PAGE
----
Drowning is a Silent Killer
Unlike in the movies, drowning victims are not waving wildly and yelling for help. In fact, about 40% of drownings are unwitnessed because observers just didn’t understand what they were seeing.
Signs that someone is actively drowning are: the head back (bobs up and down above/below the surface), mouth open, no sound and arms outstretched moving simultaneously in an above-the-water, up and down stroke that appears as if they are slapping or playing in the water.
The body is often in a “standing” upright position in the water. Endangered swimmers will fail to make forward progress and often will have a weak ineffective stroke.
Proper Rescue of a Person Overboard
Only trained rescuers should attempt a water rescue to help an endangered swimmer by entering the water with the victim. Untrained rescuers have a very high probability of becoming victims themselves. But there are many things that you can do from the shore or deck that can save someone’s life. Many drowning victims are within 10 feet of safety, having unintentionally entered the water.
To help rescue someone extend a pole, stick, line, or clothing to reach them or throw something floatable to them. The American Red Cross teaches untrained rescuers to Reach – Throw – Row – Go for Help. When throwing flotation support to a struggling swimmer, make sure that you throw PAST the victim and then slowly drag the flotation buoy toward them while encouraging them to grab it as it passes. Never throw AT the struggling swimmer. Not only will be they be unable to catch something, but you risk hitting them in the head.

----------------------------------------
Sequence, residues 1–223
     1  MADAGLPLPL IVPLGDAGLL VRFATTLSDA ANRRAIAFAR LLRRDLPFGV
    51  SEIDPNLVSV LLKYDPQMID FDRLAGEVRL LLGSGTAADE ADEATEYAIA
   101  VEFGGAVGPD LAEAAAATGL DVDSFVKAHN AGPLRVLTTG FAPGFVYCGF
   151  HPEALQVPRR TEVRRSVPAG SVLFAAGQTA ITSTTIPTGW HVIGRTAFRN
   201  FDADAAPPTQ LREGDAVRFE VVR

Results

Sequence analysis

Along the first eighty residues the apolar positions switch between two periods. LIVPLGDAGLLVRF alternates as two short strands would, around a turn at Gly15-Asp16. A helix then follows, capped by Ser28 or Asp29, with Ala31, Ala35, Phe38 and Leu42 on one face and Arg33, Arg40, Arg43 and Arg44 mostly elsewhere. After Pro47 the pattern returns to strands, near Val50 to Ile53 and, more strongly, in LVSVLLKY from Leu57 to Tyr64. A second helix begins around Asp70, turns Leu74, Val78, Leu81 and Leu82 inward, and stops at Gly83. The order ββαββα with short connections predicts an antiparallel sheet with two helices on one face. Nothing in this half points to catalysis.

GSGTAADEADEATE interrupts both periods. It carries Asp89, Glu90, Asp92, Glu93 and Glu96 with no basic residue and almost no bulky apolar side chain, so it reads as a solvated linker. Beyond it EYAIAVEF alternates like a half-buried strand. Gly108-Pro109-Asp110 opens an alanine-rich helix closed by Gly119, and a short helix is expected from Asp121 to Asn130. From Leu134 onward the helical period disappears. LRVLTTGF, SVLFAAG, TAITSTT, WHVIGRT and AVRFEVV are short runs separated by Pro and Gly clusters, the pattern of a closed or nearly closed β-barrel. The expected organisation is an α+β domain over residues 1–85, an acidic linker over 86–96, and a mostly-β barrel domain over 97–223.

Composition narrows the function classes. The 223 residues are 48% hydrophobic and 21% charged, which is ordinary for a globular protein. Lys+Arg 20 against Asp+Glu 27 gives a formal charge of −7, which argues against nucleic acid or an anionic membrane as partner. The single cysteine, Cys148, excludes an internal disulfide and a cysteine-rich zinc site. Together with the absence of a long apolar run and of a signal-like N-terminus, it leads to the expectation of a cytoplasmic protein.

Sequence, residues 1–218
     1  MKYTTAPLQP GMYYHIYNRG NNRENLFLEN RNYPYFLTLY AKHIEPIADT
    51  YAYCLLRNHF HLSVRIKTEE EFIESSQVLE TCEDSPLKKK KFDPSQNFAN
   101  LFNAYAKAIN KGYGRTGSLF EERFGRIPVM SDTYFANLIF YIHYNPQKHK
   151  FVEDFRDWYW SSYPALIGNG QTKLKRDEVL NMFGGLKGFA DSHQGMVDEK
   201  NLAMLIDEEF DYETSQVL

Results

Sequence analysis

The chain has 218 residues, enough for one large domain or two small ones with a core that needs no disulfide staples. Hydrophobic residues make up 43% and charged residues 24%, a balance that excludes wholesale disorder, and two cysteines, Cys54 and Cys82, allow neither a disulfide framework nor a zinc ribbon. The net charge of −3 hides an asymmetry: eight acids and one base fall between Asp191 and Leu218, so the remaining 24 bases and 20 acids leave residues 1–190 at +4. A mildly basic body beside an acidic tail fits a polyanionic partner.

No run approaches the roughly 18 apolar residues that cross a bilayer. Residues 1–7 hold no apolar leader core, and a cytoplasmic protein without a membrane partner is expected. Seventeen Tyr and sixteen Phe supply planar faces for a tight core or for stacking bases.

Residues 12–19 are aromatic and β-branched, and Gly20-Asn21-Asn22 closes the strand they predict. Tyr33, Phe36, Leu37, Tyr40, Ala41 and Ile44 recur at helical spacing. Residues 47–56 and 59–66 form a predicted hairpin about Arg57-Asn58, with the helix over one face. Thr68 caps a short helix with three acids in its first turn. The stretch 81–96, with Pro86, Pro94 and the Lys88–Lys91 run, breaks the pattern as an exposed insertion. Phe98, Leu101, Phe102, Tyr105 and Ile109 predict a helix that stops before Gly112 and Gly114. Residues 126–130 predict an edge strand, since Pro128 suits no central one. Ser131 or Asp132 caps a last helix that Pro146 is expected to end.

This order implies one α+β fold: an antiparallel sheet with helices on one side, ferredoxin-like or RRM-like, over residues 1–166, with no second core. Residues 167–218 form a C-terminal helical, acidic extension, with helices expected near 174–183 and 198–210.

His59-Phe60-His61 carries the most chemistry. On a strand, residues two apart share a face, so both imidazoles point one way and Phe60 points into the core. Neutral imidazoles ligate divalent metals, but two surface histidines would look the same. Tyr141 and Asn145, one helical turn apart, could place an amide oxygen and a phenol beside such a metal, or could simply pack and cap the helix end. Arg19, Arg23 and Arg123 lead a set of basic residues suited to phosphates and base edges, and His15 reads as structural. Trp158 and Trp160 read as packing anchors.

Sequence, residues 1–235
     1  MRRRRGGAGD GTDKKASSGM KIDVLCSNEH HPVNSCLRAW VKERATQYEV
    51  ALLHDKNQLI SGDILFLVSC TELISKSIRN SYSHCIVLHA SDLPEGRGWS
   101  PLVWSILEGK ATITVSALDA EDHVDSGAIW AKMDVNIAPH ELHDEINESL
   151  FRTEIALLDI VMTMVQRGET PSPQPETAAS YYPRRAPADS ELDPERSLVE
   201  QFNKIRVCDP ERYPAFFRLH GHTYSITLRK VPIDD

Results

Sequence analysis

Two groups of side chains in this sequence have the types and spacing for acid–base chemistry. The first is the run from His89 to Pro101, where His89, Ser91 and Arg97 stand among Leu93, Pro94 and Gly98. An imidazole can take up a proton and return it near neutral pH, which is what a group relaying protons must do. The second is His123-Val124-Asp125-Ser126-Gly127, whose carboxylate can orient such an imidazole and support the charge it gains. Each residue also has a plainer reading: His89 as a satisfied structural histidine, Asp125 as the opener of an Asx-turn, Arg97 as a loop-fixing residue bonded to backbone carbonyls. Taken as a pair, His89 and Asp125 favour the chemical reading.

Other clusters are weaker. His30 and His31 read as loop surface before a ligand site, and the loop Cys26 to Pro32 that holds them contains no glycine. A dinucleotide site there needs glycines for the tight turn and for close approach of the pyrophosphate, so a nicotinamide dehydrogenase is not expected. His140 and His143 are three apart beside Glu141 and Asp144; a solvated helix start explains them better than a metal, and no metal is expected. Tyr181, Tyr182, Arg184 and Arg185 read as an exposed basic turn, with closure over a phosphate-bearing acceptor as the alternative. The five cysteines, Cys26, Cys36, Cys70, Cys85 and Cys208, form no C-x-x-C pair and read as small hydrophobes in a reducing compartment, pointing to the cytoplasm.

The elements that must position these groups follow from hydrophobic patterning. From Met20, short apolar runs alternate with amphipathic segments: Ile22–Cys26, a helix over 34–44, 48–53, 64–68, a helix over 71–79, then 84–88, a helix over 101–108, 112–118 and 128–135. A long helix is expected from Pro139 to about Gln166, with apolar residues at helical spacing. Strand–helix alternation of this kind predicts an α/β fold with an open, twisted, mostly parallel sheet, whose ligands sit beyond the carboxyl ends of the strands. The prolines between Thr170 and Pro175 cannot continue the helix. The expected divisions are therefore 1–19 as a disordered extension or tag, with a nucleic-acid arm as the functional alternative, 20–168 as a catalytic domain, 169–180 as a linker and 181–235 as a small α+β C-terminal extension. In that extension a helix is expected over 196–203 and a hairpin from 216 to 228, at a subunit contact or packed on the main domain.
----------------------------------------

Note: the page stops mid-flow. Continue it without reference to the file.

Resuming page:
Your Involuntary Gasp Reflex Can Kill You
A sudden unexpected fall into cold water causes an involuntary gasp (or torso) reflex. It takes less than ½ cup of water in your lungs to drown. Your gasp reflex is delayed when you are under the influence of alcohol or drugs, which can lead to a last breath of water, instead of air. The U.S. Corps of Engineers lists falls as the contributing factor in 19% of all water-related fatalities.
Learn to Swim Well and Practice Floating
Lake swimming in not the same as swimming in a pool. Water movement, water temperature, weather and your level of ability are all important in your ability to navigate the lake.
Besides wearing a life jacket, learning to swim well is one of your best defenses against drowning. Know the swimming ability of your passengers. Teach those you love to swim, and teach everyone how to relax and float if they become exhausted in the water.
Children at the Lake
While it takes an adult 60 seconds on average to drown, children take only about 20 second. Children should always be in life jackets designed for their weight and size.
About Diving and Wading
The Corps of Engineers raises and lowers lake depths regularly. Places that may have been deep may not be as deep the next time you visit. The lake bottom is strewn with stumps, rocks and debris resulting from the manmade conditions of the lake itself. Debris can also be floating in the current of the water. You can’t see what is below. You should never enter open or natural waters head first.
Wading carries its own risks at the lake due to drop offs and rocks and other natural debris on the floor of the lake. The US Army Corps of Engineers has designated swimming areas which are regularly inspected.